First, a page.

There is a certain happiness sighted when your bus comes along. It is of course a small specialized form of happiness and will never be a great thing.

-Richard Brautigan, The Old Bus

Friday, January 4, 2008

Weathering transit

Being a transitarian on a day like today is a lot like being a vegetarian sitting down to Thanksgiving Dinner with the family and looking at the juicy roast turkey and the savory stuffing and thick gravy. Is the principle really worth the price?

I left Sacramento for the Rochester, New York, area before the January bus passes went on sale. Since I didn't have any other pressing business today, I decided to pay $2.25 and ride the bus to work to buy my monthly pass.

Yesterday, I was in 7 degree weather with a windchill that made it feel like 0 degrees outside. The thought of having to stand in the rain today just didn't seem like a big deal. At least not until I experienced the effect of the wind gusts that topped 50 mph.

But, hey! I've more than once said a little foul weather isn't a reason to abandon transit.

Of course, it never occurred to me that transit might abandon me.

I decided to take the No. 82 bus that leaves American River College at 10:19 a.m. Since it is just a little more than 1.5 miles from the college to my bus stop, I walked out my door at 10:18, righted the overturned trash cans and was standing at the bus stop by 10:20.

And I was still standing at the stop at 10:35, when a woman driving a red Saturn sedan stopped and rolled down her window.

"The bus isn't coming," she said. "There's flooding down the street. The CHP is diverting the traffic. Do you want a ride?"

I could have walked back to my house, dried off and driven to work, but I tend to be stubborn. Or stupid. Whatever.

"Yes," I told her. "I'd love a ride."

She took me to Edison and Watt Avenue, where I knew I could catch a bus to the Watt/Manlove light rail station.

Standing in the driving rain, waiting for the next bus, I was thankful that the wind gusts were at my back. I don't know how long I waited. It may have been as much a 15 minutes. It could have been much worse. The buses are only scheduled to run every 30 minutes.

When the bus arrived, I boarded and paid my fare with nine quarters and sloshed to the back. Out of the wind and rain, a puddle of water spreading beneath me, I called 321-BUSS to find out what had become of the No. 82 bus.

That's when I learned that my little bus failure was the least of Sacramento Regional Transit's problems. The entire downtown light rail grid from Alkalai Flat to 29th Street was down, as was the link from Folsom to Sunrise. I was immediately thankful that I had chosen to take the bus to Watt/Manlove rather than the closer Watt/I-80 station. But with light rail service stopped at 29th Street, I would have to hoof it eight blocks to work.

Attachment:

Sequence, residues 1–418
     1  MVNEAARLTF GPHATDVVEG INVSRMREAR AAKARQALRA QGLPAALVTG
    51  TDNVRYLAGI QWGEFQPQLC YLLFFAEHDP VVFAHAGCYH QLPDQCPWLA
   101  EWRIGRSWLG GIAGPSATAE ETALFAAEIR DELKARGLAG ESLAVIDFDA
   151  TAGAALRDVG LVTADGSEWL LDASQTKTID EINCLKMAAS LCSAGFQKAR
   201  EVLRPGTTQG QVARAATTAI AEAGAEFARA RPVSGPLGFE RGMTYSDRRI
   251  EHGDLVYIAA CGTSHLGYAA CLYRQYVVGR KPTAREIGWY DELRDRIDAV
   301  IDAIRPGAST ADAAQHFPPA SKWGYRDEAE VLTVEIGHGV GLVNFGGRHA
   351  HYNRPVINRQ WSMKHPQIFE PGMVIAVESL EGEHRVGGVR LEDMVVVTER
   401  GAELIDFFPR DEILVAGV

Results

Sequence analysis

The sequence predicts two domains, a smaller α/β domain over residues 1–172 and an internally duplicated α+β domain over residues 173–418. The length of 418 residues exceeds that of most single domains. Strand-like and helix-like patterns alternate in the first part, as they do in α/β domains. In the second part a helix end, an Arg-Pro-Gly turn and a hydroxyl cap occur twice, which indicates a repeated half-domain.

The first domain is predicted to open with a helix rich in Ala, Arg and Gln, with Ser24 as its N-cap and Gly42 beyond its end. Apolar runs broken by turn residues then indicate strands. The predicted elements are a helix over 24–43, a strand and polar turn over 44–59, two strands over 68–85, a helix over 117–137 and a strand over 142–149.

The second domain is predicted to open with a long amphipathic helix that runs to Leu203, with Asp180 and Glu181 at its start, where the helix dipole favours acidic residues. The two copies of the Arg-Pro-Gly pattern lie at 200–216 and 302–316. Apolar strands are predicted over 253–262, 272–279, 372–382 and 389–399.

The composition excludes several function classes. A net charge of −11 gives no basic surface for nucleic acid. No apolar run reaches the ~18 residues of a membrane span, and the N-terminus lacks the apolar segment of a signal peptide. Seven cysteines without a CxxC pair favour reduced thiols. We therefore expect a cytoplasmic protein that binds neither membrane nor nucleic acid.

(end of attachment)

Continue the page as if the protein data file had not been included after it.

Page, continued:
I mulled that walk as I negotiated the ridiculously convoluted customer service phone system. When I finally got a live operator on the line, I asked for the status of the No. 82 bus line.

"The No. 82 line is running," he said.

This, of course, is still another reason why I find 321-BUSS such a joy to use.

I explained to the man that, no, the No. 82 bus was not running, at least it was not running past Edison and Mira Vista. I told the guy that I had heard nearby flooding was causing buses to detour. What I needed to know, I explained, was where the detour was taking place so that I could determine whether I could take that bus home from work.

The guy put me on hold, and I stayed there. The entire call burned more than 13 minutes of my monthly cell phone allotment. When the guy finally returned, I learned that the Edison and Engle sections of the route near my home were being bypassed, but it would be less than a half-mile walk home from the start of the detour at Mission and Engle. Not perfect, but reasonable.

Eventually the bus arrived at the Watt/Manlove station. It was a cold, blustery wait for the train and an all-too-short dry spell on board before I had to get off and start walking again.

There is a certain point while walking in the rain when you just don't get any wetter. I reached that point about the time I arrived at work.

The trip, which on a sunny day takes an hour and seven minutes, had taken an hour and 40 minutes.

I wrote most of this blog post at my office, where I attempted to air dry a little before I started home. The homeward trip was straightforward. The No. 38 bus stops outside my office on its way to 65th Street light rail station. It's a useful alternative when the nearby light rail station is out of service. It was a short 10 minute wait before the No. 82 bus arrived. By the time I got off at Mission and Engle, it was raining lightly and the wind had stopped.

The next time I decide to tempt fate and brave violent weather to prove transit is a viable option, I'll wear my snow boots. The ball cap and hooded jacket with a thick sweater worked well. The sneakers were not a good choice.


Jon Q. RT Driver said...

Bravo John!

I was wondering if you were back in town ,and if you were would you brave the events of today.

At least I know I can count on you.

As soon as I regain my marbles, I will post something about today's glorious operational prowess.

Good Times!

Eric said...

That storm was ridiculous, wasn't it? Lots of rain, and such ferocious winds.

Transit here in the Bay Area was also pretty crazy yesterday. A section of BART was shut down, ferries stopped because of high winds, and SF Muni just about went haywire. As if the bad weather wasn't enough... Oh well, I guess we can always use the rain :)

Good for you for braving the elements, and sticking by your transit-first principles!

John said...

Sacramento Regional Transit can use the rarity of the storm's ferocity to explain away the disruptions, but RT needs to do a whole lot more to communicate with riders when there are disruptions in service. Later, I will post some of my suggestions.